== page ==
How to maximize your last-minute RRSP contribution + MORE Jan 26th

There are plenty of retirement plan options in Canada! Stay on top of the best plans right here.
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Reality-testing your financial plan + MORE Mar 16th

Q. I am contemplating changing financial planners and I just met with one who seemed very impressive. Within about three hours he had everything laid out for me: the investments I should purchase, the use of life insurance, delaying CPP to 70 and more. Still, I would like to get a second opinion bef.... More »
 retirement planning

When are tax-deferred and tax-free accounts actually taxable? + MORE Feb 9th

Q. I saw your blog online; thank you so much for the wonderful job that you are doing—it was very informative! That motivated me to start investing too, but now I have a couple of questions. I understand that there is tax on US dividends in TFSA, do we pay tax as well when we sell: U.S. stocks in.... More »

What happens at the end of a reverse mortgage? Mar 9th

When you get a reverse mortgage, you tap the equity in your home without having to sell it. There are several advantages to having a reverse mortgage, for those who qualify: For one, you gain access to part of the cash value of your home, increasing your liquidity. Setup and legal fees are rolled in.... More »

“Where do we pay income tax if we retire abroad?” Apr 27th

Q. We’re thinking about moving to Mexico full-time when we retire. Where would we pay income tax on our monthly Canadian pensions? –Marianna A. Many Canadians dream of a retirement that includes travel abroad. Some even move abroad part of the year, most of the year, or give up their Canadian r.... More »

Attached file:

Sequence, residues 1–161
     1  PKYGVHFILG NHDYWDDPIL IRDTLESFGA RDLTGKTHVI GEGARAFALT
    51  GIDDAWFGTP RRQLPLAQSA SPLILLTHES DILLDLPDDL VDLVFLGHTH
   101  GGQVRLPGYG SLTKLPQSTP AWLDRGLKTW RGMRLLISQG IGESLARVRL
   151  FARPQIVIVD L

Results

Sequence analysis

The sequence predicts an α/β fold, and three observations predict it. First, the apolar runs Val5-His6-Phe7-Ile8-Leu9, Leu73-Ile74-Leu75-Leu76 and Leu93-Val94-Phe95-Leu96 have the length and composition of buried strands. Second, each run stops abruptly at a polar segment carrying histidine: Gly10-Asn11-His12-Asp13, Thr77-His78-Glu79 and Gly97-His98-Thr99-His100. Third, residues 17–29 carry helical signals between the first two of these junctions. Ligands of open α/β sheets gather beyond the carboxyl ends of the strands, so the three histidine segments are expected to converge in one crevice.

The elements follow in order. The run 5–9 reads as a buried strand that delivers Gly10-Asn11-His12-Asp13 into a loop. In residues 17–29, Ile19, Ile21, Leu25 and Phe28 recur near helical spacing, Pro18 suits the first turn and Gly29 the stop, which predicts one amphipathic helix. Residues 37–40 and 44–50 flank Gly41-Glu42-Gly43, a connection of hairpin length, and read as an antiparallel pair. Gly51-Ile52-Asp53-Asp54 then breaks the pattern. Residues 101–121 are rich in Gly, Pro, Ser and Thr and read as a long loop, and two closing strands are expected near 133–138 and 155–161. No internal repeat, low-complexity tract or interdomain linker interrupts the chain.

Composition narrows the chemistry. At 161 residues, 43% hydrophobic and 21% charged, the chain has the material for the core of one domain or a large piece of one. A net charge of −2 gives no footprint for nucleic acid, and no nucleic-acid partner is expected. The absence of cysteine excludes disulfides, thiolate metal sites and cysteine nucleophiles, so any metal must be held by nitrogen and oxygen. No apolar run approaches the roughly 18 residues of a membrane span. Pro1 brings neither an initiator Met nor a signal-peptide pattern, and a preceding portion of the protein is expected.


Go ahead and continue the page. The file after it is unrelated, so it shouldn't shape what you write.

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How much has the pandemic hurt your retirement plans? We delve into the retirement portfolios of two couples hit hard by COVID-19 to see what damage was done + MORE Feb 16th

We start with Deborah and Daryl Burton, a Toronto twosome in their early 70s who both contracted COVID-19 early in the pandemic..... More »
Mark your calendars: the deadline for Registered Retirement Savings Plan (RRSP) contributions for the 2020 tax year is March 1, 2021. But before you rush to deposit your money in a GIC or high-interest RRSP savings account at a local bank and call it a win, you should know there are other options that are just as simple and convenient—and better for your bottom line. Here’s how you can get the most out of your retirement savings all year long.  
Get more than a tax deduction
Sure, it’s great that you can deduct allowable RRSP contributions (up to 18% of your previous year’s gross earnings) from this year’s taxable income—which will fatten up your tax refund—but that’s just the beginning. You also want your hard-earned savings to grow over time and compound into a nice retirement nest egg. Unfortunately, the amount of interest you can earn on a GIC is quite low, sometimes even lower than the rate of inflation. So, by the time you’re ready to spend those funds, they won’t buy you as much as they could today…

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Registered retirement savings plans (RRSPs) have been around since 1957, and each February is commonly referred to as “RRSP season.” The banks and financial media used to make a bigger deal about RRSPs in the new year, but ever since Tax-Free Savings Accounts (TFSAs) were introduced in 2009, RRSP season has seemed a bit watered down. That does not mean RRSPs are not good tax and investment options, it just reflects the fact that Canadians now have alternatives. 
Maybe you’ve run some preliminary numbers on your 2020 tax return software, and discovered that you owe the CRA; or perhaps life simply got in the way of your organizing a contribution earlier (and if that’s the case, here are some tips on making last-minute RRSP contributions). Whatever the reason, if you are planning to make an RRSP contribution before the deadline, here’s a quick-reference roundup of key facts and myths to guide you. 
RRSP facts
RRSP deadline for the 2020 tax year: March 1, 2021. 
Maximum RRSP contribution for 2020: $27,230 (requires $151,278 of earned income in 2019 and no pension adjustment), plus any accumulated RRSP room the contributor has from past years…

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